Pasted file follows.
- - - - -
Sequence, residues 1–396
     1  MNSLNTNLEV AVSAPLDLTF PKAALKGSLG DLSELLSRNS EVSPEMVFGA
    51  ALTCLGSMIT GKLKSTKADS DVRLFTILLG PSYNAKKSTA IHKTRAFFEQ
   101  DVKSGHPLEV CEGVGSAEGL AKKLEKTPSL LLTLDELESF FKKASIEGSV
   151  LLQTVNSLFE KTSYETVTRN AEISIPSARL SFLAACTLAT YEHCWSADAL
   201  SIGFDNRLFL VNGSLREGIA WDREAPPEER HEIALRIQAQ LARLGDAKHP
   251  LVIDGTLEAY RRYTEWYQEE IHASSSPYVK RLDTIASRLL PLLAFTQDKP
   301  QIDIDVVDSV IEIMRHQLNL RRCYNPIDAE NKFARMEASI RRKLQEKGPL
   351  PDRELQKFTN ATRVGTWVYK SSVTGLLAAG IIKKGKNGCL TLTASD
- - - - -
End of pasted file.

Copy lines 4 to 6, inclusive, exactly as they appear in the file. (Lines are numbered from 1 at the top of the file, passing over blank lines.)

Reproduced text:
   101  DVKSGHPLEV CEGVGSAEGL AKKLEKTPSL LLTLDELESF FKKASIEGSV
   151  LLQTVNSLFE KTSYETVTRN AEISIPSARL SFLAACTLAT YEHCWSADAL
   201  SIGFDNRLFL VNGSLREGIA WDREAPPEER HEIALRIQAQ LARLGDAKHP